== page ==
Opinion / Op-Ed Contributors

Japanese must see China anew

By Bao Xiaqin (China Daily) Updated: 2014-11-07 07:53

China has sent the message to the Japanese government that the "nationalizing" of the main Diaoyu Islands in 2012 violated the consensus that had been reached to shelf the territorial dispute for a future and wiser generation to solve. The message should get across in a clear, unambiguous manner.

New mechanisms should be established to manage crises and prevent them from backfiring in the region. Scholars from the two nations can take the lead in this by discussing and proposing new measures such as creating a special peaceful zone around the disputed islands.

The Japanese public actually holds diverse views on the visits to the Yasukuni Shrine by the country's leaders, and there is ample space for China to rally the support of those Japanese that oppose such visits to put pressure upon those politicians and leaders who persist in holding a wrong view of history.

China should also cultivate those Japanese politicians who have shown goodwill toward it. The Japanese people do not want any hot or cold war, and they can well constrain their government through the Western-style democracy; all China needs to do is promote non-official interaction and let more friendly Japanese politicians and the public play more influential roles in steering Japan's policy toward China.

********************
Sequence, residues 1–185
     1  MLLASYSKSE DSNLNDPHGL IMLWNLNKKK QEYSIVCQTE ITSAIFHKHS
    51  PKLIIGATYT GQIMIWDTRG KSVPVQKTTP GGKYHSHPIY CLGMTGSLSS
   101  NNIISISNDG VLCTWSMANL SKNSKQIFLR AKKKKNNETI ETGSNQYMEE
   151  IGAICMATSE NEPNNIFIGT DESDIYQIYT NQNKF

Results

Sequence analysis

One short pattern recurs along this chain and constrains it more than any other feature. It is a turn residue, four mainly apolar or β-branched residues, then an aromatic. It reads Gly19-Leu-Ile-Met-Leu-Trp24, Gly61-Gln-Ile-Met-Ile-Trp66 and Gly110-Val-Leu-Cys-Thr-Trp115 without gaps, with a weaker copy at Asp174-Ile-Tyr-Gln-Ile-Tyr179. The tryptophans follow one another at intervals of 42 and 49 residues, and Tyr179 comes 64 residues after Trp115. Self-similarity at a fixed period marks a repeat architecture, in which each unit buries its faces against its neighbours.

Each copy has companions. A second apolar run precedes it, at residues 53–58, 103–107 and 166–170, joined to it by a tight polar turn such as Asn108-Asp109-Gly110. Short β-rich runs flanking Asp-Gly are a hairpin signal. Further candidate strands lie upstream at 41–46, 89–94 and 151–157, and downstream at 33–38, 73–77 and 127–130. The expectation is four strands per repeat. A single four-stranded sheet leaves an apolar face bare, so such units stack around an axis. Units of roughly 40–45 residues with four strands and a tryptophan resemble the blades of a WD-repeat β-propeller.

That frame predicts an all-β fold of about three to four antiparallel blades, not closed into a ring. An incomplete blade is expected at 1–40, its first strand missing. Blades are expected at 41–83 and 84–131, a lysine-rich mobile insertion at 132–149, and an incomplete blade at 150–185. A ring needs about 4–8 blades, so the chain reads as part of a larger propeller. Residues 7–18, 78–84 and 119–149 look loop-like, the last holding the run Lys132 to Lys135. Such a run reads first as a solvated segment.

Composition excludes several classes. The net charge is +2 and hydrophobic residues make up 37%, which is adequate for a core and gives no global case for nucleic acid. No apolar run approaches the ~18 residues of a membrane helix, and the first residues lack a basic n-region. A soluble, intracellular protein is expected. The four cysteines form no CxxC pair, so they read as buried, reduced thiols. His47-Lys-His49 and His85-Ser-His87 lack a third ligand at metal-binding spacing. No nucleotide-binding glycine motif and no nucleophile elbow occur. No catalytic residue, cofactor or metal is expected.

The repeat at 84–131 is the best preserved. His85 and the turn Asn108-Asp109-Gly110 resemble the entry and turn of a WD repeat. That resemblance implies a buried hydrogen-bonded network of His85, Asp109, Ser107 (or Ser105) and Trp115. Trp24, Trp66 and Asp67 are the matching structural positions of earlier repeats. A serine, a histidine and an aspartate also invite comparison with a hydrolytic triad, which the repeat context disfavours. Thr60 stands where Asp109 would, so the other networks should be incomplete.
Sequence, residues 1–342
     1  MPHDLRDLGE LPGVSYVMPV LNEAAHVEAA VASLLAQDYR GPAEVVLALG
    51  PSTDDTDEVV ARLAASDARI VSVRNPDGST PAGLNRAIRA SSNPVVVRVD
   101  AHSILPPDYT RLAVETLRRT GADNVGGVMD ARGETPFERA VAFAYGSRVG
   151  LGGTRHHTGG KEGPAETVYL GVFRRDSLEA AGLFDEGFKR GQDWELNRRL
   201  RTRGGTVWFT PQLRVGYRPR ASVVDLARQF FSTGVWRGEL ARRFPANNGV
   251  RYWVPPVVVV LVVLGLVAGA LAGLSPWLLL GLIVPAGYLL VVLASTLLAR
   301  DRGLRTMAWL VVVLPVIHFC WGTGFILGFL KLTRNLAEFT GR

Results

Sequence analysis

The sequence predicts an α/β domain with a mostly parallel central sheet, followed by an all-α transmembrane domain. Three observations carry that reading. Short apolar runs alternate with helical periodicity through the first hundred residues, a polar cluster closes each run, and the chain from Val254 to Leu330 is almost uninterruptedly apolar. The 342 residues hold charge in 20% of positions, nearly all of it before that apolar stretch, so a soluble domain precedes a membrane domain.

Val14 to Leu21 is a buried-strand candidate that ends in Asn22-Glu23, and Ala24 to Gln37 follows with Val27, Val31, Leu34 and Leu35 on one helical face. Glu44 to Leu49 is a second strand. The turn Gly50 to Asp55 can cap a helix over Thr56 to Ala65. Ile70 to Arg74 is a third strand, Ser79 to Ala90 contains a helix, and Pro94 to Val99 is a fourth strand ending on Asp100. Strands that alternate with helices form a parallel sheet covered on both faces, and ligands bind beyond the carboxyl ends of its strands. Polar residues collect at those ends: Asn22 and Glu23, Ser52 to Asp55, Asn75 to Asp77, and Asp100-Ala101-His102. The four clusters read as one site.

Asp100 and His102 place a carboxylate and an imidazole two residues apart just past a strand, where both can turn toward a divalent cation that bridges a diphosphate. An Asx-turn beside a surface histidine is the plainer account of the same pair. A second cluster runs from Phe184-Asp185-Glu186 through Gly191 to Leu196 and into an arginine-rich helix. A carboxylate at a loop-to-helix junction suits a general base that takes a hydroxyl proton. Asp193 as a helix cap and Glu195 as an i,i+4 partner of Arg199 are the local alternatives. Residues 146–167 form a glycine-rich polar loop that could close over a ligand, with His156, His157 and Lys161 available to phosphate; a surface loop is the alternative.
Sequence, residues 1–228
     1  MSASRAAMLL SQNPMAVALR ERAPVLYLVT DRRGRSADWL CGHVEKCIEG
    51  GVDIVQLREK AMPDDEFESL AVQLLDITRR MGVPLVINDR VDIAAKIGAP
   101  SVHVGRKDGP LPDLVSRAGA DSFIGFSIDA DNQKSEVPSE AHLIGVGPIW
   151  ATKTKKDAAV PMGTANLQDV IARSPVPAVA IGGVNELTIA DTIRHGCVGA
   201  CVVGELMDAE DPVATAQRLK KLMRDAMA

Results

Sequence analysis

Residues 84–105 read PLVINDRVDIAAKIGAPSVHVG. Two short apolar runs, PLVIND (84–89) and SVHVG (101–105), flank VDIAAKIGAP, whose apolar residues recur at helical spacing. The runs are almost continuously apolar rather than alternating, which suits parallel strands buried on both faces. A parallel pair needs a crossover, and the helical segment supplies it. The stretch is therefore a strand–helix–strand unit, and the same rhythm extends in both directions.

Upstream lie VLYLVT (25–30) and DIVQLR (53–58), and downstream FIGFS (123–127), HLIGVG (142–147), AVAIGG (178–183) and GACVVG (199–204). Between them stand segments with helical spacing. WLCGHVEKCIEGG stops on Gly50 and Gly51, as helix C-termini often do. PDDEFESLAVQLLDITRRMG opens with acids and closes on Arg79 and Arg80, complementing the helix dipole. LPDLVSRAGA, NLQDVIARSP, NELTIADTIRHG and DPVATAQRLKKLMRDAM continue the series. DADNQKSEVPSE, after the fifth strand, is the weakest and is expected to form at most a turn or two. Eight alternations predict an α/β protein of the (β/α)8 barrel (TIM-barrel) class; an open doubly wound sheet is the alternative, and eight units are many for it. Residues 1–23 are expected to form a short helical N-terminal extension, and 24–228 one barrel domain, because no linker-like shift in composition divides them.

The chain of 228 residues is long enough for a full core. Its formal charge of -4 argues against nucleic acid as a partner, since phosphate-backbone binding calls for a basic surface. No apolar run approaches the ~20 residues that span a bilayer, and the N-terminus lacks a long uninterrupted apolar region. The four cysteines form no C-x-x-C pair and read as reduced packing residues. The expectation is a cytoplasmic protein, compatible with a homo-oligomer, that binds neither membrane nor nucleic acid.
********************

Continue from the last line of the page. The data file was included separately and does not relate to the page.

It is also advisable to try and encourage the Japanese media to construct a positive image about China instead of demonizing the nation as an opponent. Media and academic communications should not be hindered by the current political stalemate; on the contrary, they can serve to overcome prejudice and the unreasonable hostility that has emerged.

China needs to make more friends internationally to break its containment. It has already improved relations with Russia and the Republic of Korea. But more security cooperation is helpful with other neighboring nations, so as to lay a sound basis for an East Asian security cooperation mechanism in the future.

The author is associate professor of international relations at Fudan University.

(China Daily 11/07/2014 page9)

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